BBC Pages Censored by the EU

List of BBC web pages which have been removed from Google’s search results by Neil McIntosh.

From the post:

Since a European Court of Justice ruling last year, individuals have the right to request that search engines remove certain web pages from their search results. Those pages usually contain personal information about individuals.

Following the ruling, Google removed a large number of links from its search results, including some to BBC web pages, and continues to delist pages from BBC Online.

The BBC has decided to make clear to licence fee payers which pages have been removed from Google’s search results by publishing this list of links. Each month, we’ll republish this list with new removals added at the top.

We are doing this primarily as a contribution to public policy. We think it is important that those with an interest in the “right to be forgotten” can ascertain which articles have been affected by the ruling. We hope it will contribute to the debate about this issue. We also think the integrity of the BBC’s online archive is important and, although the pages concerned remain published on BBC Online, removal from Google searches makes parts of that archive harder to find.

The pages affected by delinking may disappear from Google searches, but they do still exist on BBC Online. David Jordan, the BBC’s Director of Editorial Policy and Standards, has written a blog post which explains how we view that archive as “a matter of historic public record” and, thus, something we alter only in exceptional circumstances. The BBC’s rules on deleting content from BBC Online are strict; in general, unless content is specifically made available only for a limited time, the assumption is that what we publish on BBC Online will become part of a permanently accessible archive. To do anything else risks reducing transparency and damaging trust.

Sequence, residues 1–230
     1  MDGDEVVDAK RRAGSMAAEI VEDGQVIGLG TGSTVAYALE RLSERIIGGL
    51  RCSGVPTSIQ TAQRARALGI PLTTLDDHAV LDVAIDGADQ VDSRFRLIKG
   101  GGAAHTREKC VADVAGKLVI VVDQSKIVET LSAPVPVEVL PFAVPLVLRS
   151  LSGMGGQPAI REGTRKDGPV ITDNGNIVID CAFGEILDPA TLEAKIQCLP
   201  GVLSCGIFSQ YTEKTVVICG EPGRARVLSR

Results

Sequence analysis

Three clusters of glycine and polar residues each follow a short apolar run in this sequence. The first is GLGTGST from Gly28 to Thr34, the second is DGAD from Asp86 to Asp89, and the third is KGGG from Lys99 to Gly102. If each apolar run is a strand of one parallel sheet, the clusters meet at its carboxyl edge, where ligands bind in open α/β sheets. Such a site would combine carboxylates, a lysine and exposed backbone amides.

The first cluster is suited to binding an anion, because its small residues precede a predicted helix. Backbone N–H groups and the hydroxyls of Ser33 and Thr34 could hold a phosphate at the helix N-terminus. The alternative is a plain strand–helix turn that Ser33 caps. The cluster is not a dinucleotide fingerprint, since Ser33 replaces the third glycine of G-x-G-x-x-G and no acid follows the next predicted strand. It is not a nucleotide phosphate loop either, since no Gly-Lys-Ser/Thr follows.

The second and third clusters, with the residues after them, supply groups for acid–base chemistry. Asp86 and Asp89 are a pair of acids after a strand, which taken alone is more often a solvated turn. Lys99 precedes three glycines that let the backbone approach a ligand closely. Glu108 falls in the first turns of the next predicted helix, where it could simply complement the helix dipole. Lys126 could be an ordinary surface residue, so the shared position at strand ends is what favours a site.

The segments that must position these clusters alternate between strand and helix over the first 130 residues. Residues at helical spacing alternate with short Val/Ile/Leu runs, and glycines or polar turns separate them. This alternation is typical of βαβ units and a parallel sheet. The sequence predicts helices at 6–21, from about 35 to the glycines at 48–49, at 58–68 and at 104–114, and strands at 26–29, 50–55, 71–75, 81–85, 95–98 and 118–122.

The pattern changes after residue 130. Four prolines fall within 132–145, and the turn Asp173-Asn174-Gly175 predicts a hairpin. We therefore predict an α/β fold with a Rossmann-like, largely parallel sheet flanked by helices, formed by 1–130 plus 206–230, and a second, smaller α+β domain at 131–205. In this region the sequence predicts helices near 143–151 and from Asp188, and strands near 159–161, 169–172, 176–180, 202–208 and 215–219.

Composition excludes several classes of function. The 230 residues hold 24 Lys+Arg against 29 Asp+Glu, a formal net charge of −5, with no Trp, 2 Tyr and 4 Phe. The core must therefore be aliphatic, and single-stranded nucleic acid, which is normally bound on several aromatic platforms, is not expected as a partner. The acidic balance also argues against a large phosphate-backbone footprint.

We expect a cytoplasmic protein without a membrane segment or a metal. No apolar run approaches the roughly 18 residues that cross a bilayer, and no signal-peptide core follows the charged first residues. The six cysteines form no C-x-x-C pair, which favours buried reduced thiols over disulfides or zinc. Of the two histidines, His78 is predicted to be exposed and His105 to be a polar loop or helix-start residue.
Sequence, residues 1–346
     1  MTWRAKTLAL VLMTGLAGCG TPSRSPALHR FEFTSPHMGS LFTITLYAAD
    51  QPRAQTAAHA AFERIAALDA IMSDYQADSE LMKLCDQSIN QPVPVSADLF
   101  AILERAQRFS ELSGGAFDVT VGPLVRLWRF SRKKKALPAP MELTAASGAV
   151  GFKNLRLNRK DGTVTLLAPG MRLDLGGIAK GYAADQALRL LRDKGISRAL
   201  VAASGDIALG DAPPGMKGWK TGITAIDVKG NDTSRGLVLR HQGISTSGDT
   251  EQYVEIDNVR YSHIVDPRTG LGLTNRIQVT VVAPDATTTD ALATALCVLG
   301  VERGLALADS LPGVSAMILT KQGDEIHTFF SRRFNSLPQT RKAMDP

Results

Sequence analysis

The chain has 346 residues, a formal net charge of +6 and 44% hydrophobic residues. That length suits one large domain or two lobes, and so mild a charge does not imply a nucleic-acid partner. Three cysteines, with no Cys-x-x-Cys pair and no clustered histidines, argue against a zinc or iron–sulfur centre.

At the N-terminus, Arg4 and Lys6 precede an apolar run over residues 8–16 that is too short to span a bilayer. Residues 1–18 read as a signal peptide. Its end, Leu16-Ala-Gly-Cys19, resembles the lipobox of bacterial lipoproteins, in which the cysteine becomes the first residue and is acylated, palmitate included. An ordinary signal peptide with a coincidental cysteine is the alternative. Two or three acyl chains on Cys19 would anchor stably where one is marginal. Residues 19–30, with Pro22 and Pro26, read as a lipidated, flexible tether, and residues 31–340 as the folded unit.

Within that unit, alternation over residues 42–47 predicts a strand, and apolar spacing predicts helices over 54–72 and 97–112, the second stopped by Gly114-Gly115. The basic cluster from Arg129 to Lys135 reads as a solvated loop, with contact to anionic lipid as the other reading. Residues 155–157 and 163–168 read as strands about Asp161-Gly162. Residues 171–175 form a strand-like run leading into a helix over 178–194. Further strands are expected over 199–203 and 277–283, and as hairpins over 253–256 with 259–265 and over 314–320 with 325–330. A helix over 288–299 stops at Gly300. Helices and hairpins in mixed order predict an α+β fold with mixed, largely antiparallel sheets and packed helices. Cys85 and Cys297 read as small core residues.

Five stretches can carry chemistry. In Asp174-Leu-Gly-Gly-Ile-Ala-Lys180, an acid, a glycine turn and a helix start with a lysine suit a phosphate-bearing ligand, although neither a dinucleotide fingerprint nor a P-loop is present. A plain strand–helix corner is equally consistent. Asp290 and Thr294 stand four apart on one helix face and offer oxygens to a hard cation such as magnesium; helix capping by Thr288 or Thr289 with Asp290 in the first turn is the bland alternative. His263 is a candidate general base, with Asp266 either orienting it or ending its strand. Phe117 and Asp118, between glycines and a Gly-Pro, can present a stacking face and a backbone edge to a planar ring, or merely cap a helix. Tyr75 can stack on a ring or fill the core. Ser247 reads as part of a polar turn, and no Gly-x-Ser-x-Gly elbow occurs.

Kudos for the BBC for demonstrating the extent of censorship implied by the EU’s “right to be forgotten. The “right to be forgotten” combines ignorance of technology with eurocentrism at its very worst. Not to mention being futile when directed at a search engine.

Just to get you started, here are the links from the post:

One caveat: when looking through this list it is worth noting that we are not told who has requested the delisting, and we should not leap to conclusions as to who is responsible. The request may not have come from the obvious subject of a story.

May 2015

April 2015

March 2015

February 2015

January 2015

December 2014

November 2014

October 2014

September 2014

August 2014

July 2014

One consequence of this listing is that I will have to follow the BBC blog to catch the new list of deletions, month by month. The writing is always enjoyable but it’s one more thing to track.

The thought does occur to me that analysis of the EU censored pages may reveal patterns of what materials are the most likely subjects of censorship.

In addition to the BBC list, one can imagine a search engine that only indexes EU censored pages. Would ad revenue sustain such an index or would it be pay-per-view?

It would be very ironic if EU censorship resulted in more publicity for people exercising their “right to be forgotten.” Not only ironic, but appropriate at well.

PS: You can follow the BBC Internet Blog on Twitter: @bbcinternetblog.

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